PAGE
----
I took our Christmas tree down on January 6th, specifically aiming for Twelfth Night, or the Feast of Epiphany, or the eve of Greek Christmas, because if I didn’t try to recognize Taking Down the Tree as one of the “Days of Christmas” we’d likely just have a fire hazard and bare stick in the front room come Chinese New Year. Neither my husband nor I is generally in any hurry to pack up the holiday each year. We are a bit sappy in that regard. So, we put on the Canadian Brass holiday album, nibble a last ginger cookie or make some hot chocolate, and carefully take down the ornaments.

Does your tree offer renewal once a year to some sort of family heirloom? We have a glass bell, with “1989” inscribed in gold-tone paint, which happened to be the decoration from the top of our wedding cake. My mother made our cake, and as she is not one to ordinarily notice things like each year’s Hallmark ornament — and our wedding was not around Christmas time — her finding this item in some Rockland shop while planning our early September cake was a stroke of luck, or genius, or both. Anyway, it makes for a “warm fuzzy” each December as we hang our bell in the fir tree.

There is a notable preponderance of locomotive engines, owls, other birds, musical instruments, and airplanes — although fewer airplanes now that our son Eric has his childhood ornaments in Vermont. This year, daughter Emily gave us a felted indigo bunting for the tree, marking the year, as this spring I finally saw my first one — actually two — of those brilliant birds on this island. There were some good things about 2020.

There is a horn that toots tucked into the branches, one of the better relics from Paul’s childhood way back in the Paleolithic. He has a box of Christmas tree kitsch from those days, with plastic dime-store cowboys and such from the 1950s, but several items have become “must hang every year” favorites. The noisy horn ornament has seen regular use in the harassment of housecats.

Somebody gave us an “Everest ornament.” This glass orb contains tinsel-y shreds of aluminum, remnants of the process of making bells out of discarded empty oxygen cylinders retrieved at no small effort from that mountain in an attempt to clean up some of the mess. Good idea.

We have several boxes of fragile ornaments that I’d bought at LaVerdiere’s drug store in Rockland in 1985 or ’86. I lived alone in South Thomaston those two winters between college and my stint teaching on Matinicus. People who live alone, and do not have the parking or the cutlery to host much company, will often say, “What’s the sense having a tree? Nobody else will see it.” But I had a tree, absolutely, cut in the neighboring woods and decorated with the start of my own collection. I have never not had a tree, and only twice can remember paying for one.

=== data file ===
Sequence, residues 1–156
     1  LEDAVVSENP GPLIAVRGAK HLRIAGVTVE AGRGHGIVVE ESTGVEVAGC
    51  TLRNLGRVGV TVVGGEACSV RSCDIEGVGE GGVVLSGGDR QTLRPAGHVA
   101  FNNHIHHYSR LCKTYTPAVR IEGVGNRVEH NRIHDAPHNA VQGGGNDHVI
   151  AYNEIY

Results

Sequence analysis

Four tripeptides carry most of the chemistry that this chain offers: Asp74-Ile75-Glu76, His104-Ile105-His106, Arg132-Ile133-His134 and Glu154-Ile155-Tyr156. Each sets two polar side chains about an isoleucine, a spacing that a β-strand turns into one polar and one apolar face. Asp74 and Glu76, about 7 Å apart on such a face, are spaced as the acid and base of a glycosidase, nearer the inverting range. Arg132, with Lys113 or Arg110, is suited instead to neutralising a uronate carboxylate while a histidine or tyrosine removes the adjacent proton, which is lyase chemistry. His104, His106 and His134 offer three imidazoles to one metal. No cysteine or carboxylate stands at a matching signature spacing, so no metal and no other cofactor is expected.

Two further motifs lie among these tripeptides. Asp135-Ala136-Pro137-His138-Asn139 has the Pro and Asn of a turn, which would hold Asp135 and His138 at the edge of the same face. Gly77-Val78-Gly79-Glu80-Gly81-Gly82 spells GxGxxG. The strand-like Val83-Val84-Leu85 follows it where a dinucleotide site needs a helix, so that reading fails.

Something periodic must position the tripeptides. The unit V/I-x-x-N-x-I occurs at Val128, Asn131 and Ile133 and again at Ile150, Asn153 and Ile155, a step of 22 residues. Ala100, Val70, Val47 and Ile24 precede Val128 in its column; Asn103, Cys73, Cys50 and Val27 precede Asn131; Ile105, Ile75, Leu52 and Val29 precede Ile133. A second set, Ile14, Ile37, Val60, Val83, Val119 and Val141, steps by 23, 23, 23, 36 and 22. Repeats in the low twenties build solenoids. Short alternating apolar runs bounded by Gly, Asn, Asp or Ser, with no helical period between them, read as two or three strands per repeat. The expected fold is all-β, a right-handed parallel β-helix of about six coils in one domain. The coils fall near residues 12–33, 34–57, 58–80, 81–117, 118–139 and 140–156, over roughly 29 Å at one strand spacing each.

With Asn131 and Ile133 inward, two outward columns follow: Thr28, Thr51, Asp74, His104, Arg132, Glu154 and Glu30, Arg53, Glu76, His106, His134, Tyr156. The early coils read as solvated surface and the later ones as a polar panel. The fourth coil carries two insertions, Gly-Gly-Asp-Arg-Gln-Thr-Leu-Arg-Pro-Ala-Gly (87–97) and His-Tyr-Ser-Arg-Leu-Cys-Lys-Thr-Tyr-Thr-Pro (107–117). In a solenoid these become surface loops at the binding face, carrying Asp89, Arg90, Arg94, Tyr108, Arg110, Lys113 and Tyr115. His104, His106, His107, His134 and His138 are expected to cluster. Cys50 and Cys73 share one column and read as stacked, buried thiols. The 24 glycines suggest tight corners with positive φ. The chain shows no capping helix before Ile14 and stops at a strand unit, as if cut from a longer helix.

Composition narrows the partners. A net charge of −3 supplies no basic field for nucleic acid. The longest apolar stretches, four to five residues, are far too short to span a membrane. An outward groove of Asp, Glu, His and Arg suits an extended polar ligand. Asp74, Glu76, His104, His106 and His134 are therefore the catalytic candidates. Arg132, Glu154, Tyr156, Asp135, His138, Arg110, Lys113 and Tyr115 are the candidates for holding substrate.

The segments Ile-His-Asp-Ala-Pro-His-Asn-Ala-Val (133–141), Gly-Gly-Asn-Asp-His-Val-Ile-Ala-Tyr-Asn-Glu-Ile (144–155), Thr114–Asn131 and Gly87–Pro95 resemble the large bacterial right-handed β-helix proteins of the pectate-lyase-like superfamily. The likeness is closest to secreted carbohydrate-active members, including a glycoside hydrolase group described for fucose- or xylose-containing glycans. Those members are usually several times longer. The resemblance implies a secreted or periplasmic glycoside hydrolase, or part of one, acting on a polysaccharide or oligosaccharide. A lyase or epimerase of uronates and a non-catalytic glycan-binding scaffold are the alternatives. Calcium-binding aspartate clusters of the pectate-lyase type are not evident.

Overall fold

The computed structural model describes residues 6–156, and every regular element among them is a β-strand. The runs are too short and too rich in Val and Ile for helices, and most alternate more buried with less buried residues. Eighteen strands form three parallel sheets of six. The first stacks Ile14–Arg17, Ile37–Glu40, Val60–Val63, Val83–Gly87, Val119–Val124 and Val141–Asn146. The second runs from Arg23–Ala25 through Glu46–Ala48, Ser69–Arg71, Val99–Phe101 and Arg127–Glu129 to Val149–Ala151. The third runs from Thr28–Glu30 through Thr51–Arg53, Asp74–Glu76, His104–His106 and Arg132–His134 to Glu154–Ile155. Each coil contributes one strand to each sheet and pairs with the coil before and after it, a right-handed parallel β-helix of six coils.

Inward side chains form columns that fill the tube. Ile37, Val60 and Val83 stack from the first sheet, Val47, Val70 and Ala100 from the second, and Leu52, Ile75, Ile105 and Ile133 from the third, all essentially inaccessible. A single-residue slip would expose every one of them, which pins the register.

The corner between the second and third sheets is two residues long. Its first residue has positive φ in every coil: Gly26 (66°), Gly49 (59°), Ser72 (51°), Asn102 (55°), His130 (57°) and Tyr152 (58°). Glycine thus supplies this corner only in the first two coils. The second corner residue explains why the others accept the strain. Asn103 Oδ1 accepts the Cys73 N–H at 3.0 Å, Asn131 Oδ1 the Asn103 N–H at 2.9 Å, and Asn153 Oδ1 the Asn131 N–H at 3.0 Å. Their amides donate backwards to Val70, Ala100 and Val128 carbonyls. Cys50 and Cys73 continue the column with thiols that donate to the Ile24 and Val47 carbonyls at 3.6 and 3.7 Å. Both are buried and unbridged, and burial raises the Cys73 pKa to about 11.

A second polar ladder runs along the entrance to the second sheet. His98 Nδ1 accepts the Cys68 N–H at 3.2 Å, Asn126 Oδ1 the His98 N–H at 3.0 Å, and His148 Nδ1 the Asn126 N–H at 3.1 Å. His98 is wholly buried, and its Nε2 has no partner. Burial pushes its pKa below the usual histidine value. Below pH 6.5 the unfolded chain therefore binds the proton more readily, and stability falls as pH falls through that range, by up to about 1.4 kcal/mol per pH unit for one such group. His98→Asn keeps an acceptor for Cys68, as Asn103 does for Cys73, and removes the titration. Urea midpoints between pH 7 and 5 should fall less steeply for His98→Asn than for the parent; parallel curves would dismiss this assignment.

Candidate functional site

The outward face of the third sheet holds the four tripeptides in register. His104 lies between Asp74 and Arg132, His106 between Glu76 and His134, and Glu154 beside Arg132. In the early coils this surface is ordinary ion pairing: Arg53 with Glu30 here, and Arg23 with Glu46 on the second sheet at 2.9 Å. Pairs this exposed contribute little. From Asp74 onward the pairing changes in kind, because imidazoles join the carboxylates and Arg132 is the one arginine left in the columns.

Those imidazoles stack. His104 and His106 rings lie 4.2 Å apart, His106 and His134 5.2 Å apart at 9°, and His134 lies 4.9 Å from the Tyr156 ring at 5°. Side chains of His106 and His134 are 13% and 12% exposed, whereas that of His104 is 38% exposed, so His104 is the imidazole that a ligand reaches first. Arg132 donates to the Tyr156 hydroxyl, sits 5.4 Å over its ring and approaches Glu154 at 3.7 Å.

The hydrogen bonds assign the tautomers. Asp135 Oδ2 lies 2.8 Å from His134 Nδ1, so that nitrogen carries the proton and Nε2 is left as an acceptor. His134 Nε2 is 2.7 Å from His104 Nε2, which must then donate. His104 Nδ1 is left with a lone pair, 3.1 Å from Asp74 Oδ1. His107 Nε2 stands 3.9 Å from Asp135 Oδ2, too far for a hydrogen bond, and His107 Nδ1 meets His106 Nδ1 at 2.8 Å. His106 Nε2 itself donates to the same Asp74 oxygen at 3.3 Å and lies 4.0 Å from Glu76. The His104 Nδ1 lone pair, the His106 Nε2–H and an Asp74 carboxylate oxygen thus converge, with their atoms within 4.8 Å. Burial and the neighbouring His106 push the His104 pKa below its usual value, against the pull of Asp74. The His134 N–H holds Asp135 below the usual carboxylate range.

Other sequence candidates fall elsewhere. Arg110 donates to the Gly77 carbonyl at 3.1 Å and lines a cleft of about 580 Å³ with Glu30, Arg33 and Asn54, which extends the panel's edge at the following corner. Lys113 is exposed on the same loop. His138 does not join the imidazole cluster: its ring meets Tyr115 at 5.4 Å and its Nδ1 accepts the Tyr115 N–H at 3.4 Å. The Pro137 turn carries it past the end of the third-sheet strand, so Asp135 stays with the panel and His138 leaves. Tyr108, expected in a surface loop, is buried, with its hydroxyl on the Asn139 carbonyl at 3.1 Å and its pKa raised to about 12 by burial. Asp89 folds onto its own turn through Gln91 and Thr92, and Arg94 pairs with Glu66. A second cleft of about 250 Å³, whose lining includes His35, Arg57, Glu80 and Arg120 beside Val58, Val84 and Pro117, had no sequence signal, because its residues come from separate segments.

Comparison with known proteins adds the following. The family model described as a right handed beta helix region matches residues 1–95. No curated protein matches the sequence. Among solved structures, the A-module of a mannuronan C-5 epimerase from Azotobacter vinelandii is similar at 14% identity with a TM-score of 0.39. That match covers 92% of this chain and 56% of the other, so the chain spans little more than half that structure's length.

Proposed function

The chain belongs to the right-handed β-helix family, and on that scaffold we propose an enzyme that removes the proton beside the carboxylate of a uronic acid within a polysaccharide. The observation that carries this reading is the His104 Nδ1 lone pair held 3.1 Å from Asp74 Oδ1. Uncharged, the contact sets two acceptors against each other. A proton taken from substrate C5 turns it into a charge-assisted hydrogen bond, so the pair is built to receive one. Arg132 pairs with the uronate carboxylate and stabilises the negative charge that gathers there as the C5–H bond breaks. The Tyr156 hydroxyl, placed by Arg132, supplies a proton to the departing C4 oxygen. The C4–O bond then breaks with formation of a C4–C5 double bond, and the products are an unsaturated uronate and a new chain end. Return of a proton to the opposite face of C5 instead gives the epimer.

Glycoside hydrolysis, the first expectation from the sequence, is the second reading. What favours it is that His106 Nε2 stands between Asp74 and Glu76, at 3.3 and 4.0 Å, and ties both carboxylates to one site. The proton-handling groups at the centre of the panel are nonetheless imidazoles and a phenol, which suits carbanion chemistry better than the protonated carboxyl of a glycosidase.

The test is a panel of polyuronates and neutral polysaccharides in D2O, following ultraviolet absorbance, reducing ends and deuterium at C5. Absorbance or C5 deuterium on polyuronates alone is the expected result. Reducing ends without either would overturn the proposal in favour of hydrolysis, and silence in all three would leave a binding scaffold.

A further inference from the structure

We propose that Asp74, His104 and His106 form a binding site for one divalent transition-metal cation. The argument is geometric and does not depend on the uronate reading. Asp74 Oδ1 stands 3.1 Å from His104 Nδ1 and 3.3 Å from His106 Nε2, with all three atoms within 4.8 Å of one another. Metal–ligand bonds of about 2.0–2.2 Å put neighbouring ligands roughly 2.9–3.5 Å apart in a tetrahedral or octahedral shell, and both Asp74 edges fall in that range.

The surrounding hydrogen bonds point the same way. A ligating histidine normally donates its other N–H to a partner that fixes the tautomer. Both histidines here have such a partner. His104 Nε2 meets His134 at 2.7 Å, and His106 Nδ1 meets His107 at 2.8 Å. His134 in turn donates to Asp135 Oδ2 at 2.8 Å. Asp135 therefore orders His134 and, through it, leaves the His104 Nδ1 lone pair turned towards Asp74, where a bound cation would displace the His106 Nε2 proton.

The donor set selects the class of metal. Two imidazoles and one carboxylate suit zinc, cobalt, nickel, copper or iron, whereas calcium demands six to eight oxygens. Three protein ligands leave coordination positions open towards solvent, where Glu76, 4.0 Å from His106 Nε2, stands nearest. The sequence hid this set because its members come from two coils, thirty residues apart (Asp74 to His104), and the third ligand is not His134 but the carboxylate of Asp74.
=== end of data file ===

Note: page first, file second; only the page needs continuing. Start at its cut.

On our Matinicus tree there is a wooden dory and a little white skiff, each filled with oars and nets and traps and other gear, very detailed; I have no idea who made those. There is a clear glass ball from island artist Donna Rogers with an intricate painting of a local seascape. There are a couple pair of tiny hand-knit mittens, red and green, crafted by Paul’s mother on the world’s smallest knitting needles. Unique among “handcrafted” ornaments is the gray enameled steel star formed quite by accident when Paul the electrician knocked out a “knockout,” meaning the removable round piece creating the hole in a meter box which allows the cable through, and the resulting bent material formed a starburst shape. The kids decided it looked like something that belonged on a Christmas tree, and every year since we have hung that industrial trinket on one of the sturdy bottom branches.

I made our treetop angel back when the kids were little. Old enough to vote now by several years, she appears a rather heathen spirit, holding a spruce cone and a candle in her Romex-wire-armature hands. Over her wooden doll’s-head smile, the hint of a halo is a plastic snowflake ornament suggesting she’s been out in the weather. Her messy hair is braided in a ring like some akvavit-sipping Scandinavian saint, and her dress is a luxurious Victorian velvet number parted to show the humblest unbleached muslin chemise. Make of all that mush and romance what you will.

We are leaving a string of colored lights in the window for a few more days. I might even consider another pan of cookies. No need to rush these things.